The cause of the abandonment of the project was a petition by some people in the town demanding a change of the site designated then by the traditional ruler, Owa of Idanre, and on which the foundation was laid. After helping to resolve the issues and organizing a fundraiser, the community was able to build a general hospital on the same site that has remained the main public healthcare facility in the area.
Two of the other major community projects which he coordinated were the building of a new Obas’s palace in Odo-Idanre and creating an alternative approach to the popular tourism site in the town, Oke-Idanre. The approach offers tourists another route to the site other than climbing through the steps.
After his appointment as a high court judge, Justice Akintan had also become more involved in the activities of his local branch of the Anglican Church. His involvement in church activities had been limited to attending Sunday services and singing in the choir during his school days. He was instrumental in the creation of the Idanre Archdeaconry and Akure Archdeaconry from the Ondo Diocese. For St Paul Church Odode Idanre he bought a modern pipe Organ for the church worth millions of Naira .
Akure Archdeaconry later became a diocese with Justice Akintan serving as its chancellor.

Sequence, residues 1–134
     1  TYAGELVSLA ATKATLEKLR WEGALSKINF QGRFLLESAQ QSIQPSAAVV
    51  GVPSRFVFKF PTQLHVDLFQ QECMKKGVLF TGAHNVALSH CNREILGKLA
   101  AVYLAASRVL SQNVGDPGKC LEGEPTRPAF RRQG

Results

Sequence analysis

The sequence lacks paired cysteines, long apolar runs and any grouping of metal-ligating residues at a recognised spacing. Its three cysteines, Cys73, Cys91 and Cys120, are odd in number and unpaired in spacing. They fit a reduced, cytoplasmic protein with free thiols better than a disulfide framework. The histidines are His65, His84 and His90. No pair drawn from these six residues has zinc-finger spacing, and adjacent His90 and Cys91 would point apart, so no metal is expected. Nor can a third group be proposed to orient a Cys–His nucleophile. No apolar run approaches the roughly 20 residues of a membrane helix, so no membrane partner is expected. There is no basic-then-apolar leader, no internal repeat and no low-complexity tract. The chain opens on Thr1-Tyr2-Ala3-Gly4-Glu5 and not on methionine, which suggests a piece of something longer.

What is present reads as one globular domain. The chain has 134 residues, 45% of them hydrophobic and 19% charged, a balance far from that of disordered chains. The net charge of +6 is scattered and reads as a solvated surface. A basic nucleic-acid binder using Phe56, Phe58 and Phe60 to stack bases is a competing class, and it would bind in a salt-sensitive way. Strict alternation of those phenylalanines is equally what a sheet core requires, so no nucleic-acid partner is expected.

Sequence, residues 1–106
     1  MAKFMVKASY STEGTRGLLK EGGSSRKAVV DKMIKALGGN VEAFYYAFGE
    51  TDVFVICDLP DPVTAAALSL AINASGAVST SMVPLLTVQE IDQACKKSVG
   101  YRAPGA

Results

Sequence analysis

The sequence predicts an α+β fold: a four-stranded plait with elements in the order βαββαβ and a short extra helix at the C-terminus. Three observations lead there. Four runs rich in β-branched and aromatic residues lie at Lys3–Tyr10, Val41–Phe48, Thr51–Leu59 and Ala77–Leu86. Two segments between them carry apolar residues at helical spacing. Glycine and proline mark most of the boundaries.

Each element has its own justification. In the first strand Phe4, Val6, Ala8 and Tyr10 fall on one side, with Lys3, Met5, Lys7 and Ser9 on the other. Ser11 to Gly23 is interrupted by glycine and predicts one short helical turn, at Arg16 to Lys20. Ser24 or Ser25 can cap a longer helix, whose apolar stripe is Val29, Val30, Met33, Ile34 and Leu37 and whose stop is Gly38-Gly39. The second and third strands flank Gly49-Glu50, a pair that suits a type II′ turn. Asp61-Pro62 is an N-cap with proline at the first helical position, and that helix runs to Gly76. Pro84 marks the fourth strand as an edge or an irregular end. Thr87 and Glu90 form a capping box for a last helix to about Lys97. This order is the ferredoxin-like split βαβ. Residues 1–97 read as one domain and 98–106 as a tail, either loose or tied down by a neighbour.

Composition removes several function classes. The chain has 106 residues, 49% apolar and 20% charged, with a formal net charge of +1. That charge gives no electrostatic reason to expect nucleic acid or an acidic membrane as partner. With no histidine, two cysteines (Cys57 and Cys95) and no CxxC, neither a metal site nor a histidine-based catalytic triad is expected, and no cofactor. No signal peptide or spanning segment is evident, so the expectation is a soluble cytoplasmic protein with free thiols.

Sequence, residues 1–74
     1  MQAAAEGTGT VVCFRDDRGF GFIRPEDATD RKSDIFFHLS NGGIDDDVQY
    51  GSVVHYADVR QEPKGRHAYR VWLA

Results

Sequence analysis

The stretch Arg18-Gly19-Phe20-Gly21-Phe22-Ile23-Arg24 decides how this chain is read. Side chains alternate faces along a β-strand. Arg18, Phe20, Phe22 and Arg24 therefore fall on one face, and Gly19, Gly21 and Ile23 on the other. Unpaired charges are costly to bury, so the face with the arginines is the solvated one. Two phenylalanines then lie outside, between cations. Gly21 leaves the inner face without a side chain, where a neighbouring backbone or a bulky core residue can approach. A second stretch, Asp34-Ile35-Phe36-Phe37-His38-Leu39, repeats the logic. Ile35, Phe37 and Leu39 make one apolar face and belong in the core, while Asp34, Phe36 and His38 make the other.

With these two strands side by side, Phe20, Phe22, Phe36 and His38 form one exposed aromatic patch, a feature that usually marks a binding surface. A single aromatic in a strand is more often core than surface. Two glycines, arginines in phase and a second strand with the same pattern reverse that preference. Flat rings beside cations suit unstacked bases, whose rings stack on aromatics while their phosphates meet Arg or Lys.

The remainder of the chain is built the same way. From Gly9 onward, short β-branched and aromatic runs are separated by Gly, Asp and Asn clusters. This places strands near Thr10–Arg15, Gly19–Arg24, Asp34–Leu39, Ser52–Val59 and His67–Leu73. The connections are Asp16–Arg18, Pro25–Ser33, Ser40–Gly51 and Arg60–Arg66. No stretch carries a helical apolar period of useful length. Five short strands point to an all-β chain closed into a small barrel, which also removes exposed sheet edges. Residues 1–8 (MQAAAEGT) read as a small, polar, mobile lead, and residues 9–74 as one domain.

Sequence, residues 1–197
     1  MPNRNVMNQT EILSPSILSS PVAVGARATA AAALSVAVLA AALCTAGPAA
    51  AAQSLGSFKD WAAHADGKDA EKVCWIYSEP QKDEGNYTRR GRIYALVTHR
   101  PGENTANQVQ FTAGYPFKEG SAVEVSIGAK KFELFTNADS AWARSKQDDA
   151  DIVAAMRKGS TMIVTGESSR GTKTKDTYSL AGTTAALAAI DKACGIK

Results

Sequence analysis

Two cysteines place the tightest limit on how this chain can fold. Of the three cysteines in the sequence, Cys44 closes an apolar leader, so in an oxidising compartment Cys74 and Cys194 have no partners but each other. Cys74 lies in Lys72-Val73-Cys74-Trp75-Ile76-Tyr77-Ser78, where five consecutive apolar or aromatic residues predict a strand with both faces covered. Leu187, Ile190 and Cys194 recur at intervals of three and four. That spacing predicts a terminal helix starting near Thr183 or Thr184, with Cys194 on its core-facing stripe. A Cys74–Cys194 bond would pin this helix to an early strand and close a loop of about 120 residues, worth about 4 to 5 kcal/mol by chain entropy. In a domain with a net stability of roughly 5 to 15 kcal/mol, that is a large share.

Justice Akintan is a chip off the old block in his passion for the development of his community. His father, Emmanuel Olofingunleka Akintan, long before him had contributed to expanding the economic frontiers of Oke Idanre and transforming the economic fortunes of the then Western Region of Nigeria.
This he had done through the role he played in grafting cocoa to the soil of the area then known as Ondo Province, which is now Ondo and Ekiti states. He had a very large cocoa plantation. Several decades later, cocoa farming continues to provide livelihood for the people of the area and form the bedrock of many family wealth. Idanre remains one of the major cocoa-producing areas of Nigeria.
Pa Emmanuel Akintan was well to do by the standard of his time and he was compassionate with his wealth. According to his son, Justice Akintan, apart from his biological children and farm workers, he also had living with him in his Owena house relatives and their children. In addition,he  had a passion for community service which Justice Akintan apparently inherited and has pursued ever since.